As one of the major browsers in the marketplace, Firefox has a large user base that appreciates the free and open-source platform. While it is far behind Chrome's almost 63 percent share of the market, Firefox is ahead of Internet Explorer at close to 15 percent, according to the February 2017 numbers from StatCounter. The popularity of Firefox is driven by the organization’s ability to make quick updates, provide reliable security and introduce new technologies faster than or just as fast as its competitors. Firefox 52 has been upgraded to run complex apps with greater speed in the browser, but Google Hangout fans may be disappointed because it is not being fully supported in this version as of now.
The audio and video features of Google Hangouts are not going to be available because Firefox has disabled the Netscape Plug-in API (NPAPI). This will disable all plug-ins that use NPAPI except for Flash, resulting in Google Hangout users having access only to chat. This is a temporary glitch, as Google is in the process of making Hangouts available on Firefox without a plug-in.
While the news about Hangouts did grab the headlines, the addition of WebAssembly to Firefox 52 was more important because it is going to be much easier to run complex apps. As a low-level assembly-like language, WebAssembly runs with near-native performance and provides languages such as C/C++ with a compilation target so that they can run on the Web. This is a game changer for browsers, because it is going to make it possible to run code written in multiple languages on the Web at near native speed. Client apps which couldn't run on the Web will now be able to do so.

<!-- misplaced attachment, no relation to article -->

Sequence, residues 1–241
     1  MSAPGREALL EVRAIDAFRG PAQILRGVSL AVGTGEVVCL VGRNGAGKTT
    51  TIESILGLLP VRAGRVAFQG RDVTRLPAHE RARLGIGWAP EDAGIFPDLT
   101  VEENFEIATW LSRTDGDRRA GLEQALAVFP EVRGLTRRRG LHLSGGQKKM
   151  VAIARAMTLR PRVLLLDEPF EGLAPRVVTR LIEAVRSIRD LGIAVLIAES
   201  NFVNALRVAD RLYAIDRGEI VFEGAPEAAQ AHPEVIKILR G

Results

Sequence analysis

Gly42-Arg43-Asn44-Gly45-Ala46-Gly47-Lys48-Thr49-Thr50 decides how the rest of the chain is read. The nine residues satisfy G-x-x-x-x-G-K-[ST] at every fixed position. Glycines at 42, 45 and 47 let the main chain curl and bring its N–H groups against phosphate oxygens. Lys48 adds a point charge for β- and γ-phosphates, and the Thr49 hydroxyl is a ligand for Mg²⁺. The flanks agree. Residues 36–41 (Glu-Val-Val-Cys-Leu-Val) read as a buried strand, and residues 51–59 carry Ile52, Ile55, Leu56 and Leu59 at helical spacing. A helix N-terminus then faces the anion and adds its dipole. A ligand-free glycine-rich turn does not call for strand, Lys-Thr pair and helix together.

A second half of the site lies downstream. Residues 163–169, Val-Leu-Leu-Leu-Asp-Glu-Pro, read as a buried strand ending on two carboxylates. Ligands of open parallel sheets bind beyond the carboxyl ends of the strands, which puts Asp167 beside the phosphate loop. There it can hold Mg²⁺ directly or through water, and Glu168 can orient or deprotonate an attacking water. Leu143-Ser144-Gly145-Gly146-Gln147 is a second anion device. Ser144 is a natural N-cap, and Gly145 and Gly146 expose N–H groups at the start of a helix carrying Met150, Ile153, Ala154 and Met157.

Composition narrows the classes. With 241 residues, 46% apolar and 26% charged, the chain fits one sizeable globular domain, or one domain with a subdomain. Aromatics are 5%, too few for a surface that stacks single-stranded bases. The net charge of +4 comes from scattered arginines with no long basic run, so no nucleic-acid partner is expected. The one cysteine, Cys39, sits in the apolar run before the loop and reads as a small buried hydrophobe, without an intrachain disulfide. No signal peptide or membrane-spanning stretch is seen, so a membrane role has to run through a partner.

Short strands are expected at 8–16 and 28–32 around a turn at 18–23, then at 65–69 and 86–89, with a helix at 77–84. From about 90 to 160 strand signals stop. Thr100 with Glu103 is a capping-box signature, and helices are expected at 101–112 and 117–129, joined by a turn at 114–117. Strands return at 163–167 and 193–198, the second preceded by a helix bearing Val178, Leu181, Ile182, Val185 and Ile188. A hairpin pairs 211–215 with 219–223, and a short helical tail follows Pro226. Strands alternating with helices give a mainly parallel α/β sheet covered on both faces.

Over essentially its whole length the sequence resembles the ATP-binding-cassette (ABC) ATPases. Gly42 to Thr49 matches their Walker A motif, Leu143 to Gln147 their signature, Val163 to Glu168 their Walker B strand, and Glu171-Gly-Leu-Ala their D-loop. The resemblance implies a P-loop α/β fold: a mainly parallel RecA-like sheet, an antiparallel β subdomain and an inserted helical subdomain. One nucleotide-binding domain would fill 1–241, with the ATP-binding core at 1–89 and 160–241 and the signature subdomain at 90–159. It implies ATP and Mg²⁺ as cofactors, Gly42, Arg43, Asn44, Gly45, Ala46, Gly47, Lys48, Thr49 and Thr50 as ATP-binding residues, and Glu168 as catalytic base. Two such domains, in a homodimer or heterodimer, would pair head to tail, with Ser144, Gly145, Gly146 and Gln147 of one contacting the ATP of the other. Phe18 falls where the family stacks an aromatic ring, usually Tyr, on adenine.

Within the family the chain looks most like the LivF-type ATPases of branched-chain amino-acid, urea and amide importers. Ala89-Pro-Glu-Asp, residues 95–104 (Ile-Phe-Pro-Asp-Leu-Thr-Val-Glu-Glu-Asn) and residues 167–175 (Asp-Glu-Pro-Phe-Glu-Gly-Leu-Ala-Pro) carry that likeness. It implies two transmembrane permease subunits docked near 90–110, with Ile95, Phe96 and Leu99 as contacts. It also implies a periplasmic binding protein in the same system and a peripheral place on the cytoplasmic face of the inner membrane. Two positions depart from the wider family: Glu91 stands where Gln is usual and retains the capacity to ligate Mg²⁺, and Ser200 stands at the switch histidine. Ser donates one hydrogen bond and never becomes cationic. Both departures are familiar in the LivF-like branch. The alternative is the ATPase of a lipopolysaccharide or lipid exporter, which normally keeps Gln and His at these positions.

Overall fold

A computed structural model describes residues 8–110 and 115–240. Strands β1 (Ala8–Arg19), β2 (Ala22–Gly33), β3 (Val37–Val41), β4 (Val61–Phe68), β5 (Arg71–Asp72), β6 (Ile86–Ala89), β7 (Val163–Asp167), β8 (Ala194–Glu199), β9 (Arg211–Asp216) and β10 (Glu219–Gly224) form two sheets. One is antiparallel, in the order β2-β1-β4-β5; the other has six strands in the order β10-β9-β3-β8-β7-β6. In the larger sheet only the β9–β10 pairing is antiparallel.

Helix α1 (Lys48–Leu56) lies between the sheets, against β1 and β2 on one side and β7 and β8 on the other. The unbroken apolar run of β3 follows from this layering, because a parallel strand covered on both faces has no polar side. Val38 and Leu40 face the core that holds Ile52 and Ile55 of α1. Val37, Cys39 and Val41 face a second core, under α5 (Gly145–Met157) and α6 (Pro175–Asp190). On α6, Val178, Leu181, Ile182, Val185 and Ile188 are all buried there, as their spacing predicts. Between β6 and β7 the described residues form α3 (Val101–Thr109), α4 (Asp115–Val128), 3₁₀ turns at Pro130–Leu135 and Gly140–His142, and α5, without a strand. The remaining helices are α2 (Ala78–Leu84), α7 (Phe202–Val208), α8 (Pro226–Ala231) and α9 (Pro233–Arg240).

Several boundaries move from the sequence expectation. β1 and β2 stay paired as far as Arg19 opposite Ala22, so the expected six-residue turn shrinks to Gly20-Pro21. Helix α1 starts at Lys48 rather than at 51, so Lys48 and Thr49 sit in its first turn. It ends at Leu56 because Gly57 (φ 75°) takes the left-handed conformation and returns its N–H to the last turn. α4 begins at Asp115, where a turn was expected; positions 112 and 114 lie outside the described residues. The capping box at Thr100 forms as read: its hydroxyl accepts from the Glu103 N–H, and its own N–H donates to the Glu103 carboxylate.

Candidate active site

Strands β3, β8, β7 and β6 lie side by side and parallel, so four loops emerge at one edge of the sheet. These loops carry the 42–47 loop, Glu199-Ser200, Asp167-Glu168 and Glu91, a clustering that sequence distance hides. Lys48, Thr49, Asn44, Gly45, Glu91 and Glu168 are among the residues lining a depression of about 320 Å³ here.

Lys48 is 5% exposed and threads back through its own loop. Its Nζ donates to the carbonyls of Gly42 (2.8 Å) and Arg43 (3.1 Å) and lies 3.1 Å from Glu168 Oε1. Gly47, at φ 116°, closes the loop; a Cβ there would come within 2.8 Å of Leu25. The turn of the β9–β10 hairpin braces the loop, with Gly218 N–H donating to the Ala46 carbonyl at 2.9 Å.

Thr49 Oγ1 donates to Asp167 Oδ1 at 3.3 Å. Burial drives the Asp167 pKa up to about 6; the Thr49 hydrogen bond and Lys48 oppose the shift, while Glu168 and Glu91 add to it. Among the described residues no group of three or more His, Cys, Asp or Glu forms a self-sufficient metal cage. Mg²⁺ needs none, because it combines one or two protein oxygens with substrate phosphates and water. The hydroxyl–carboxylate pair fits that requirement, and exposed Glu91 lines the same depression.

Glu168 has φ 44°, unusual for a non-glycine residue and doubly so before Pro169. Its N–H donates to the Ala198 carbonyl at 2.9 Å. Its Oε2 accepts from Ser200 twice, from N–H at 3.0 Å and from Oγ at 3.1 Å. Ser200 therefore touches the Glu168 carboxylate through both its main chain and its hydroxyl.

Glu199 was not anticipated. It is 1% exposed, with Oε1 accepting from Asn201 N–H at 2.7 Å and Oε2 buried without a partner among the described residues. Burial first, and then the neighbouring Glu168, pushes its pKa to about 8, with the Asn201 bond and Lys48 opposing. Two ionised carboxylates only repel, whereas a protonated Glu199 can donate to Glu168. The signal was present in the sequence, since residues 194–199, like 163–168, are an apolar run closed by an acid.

Apps such as 3D video games, computer-aided design, video and image editing, and scientific visualization, which were considered too complex to run in browsers, can perform better. Developers can create apps for the Web without having to worry about the resources needed to run them effectively, whether it is video playback or games. This will be a platform that is going to create more opportunities for developers across all sectors as WebRTC and other real-time applications use the browser as a delivery tool.
Other additions in Firefox 52 include automatic captive portal detection, for easier access to Wi-Fi hotspots; security warnings for non-secure HTTP pages with logins; implementation of Strict Secure Cookies specification, so HTTP sites that are not secure can't set cookies with the “secure” attribute; and improved sync users, allowing users to send and open tabs from one device to another.
You can see all the release notes for Firefox 52 here.
Edited by Alicia Young